- When Emma asked the kids what they thought “hacking” meant and pretty much all of the responses she received were about illegal systems intrusions, I shuddered and hoped that Emma would ride to the rescue and explain the more positive original sense of the term. And while she did a bit, I came to realize that there is a real genius in not belabouring that point and instead allowing the mischief the kids thought inherent in the term to secretly power their learning. You see, while the X-Ray googles allow you to change the source code of a page, they only do it to your local copy, not the server one. But the kids don’t know that (yet – I did explain it to some as we went along, especially the few who felt some concern about the ethics of what they were doing). So while the kids thought they were sticking it to the man by inserting pictures of themselves, or Justin Bieber, or bacon (these seemed like the top three choices) onto their school website or the google frontpage, inadvertently they were learning exactly what I used to teach people in the old days (like, the mid-90’s) when we taught them to create web pages – just view source, make some changes, save it and look at the results.
- Indeed, there is some really great thinking going on at the Mozilla team about how to introduce some potentially complicated stuff in a way that kids can engage with it – there was very little “instruction” going on during the couple of hours we ran the jam, and very much CONSTRUCTION (of knowledge, of web pages) and most of all FUN. This tapped into one of the pieces I too often forget myself about why making and the open web are so important – yes, it’s about preserving democracy and free speech, yes it’s about freeing culture from capital; but it’s also FUN, it’s about the sheer joy of making things.
- I could go on, but I need to get back to work, but I’ll end by saying it was also a joy to be able to bring my daughter along with me. While I like to think of myself as a progressive guy, I still catch myself making unconscious assumptions about the difference between my son’s and my daughter’s relationships to technology, to science, to math. These assumptions aren’t all “my fault” – we are still surrounded by messages that these are male domains (indeed the way they are currently practiced this is too often the case) and in some areas (for instance math) the stereotype does seem to be playing out – my son shows a real adeptness for it, but my daughter struggles with it.Yet that doesn’t mean it’s not important to become conscious and confront them – when my daughter turned out to have a greater interest in helping me solder a guitar stomp box’s electronics than my son (for whom I had bought it to do it as a project) I realized how often I was making these assumptions. Seeing her face light up as she started to learn through playing what goes on behind a web page, and how she could change it herself, is another step away from these stereotypes and hopefully towards an empowered young woman who can make her way in our increasingly tech-addled world. I’d also like to thank Emma and the other three women who were there for being such great role models, and to all the other families who brought their daughters (it seemed pretty close to a 50/50 split in both kids and volunteers.)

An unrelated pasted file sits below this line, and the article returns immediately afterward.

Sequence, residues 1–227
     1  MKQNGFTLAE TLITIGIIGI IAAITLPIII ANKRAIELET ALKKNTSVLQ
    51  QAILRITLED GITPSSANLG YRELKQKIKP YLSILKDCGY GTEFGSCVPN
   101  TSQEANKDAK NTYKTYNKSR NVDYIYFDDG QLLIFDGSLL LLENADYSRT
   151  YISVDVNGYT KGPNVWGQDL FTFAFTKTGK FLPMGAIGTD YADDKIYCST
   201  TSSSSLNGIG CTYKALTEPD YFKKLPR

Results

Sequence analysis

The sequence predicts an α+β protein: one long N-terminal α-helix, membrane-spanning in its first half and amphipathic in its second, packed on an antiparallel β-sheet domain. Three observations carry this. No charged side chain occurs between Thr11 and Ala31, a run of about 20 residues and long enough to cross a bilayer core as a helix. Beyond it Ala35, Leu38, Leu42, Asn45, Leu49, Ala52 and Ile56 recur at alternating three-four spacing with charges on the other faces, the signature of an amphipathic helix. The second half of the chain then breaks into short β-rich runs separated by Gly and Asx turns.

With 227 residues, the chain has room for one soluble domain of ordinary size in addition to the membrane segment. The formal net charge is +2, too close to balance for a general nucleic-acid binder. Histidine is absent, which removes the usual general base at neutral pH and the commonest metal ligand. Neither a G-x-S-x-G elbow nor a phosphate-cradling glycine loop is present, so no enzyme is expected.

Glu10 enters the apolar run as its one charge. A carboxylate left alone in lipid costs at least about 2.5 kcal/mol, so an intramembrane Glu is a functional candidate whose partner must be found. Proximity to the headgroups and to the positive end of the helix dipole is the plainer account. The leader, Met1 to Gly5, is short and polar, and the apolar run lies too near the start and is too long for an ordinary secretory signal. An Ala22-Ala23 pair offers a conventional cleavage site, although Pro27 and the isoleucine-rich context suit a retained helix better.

I really hope we figure out a way to do more of these, to do other ones too. I know all of us are full-time workers and full-time parents, and finding time and energy to put these things on in addition to all those demands is tough, but this is the future we need to create, one in which education is NOT just something we had off to specialists and only happens between 9 and 3 in classrooms, one in which learning about the means of production and creating them ourselves go hand and hand, one which starts to weave all of the learning opportunities and organizations together, not fracture them into more and more specialized (and silo’d) entities. – SWL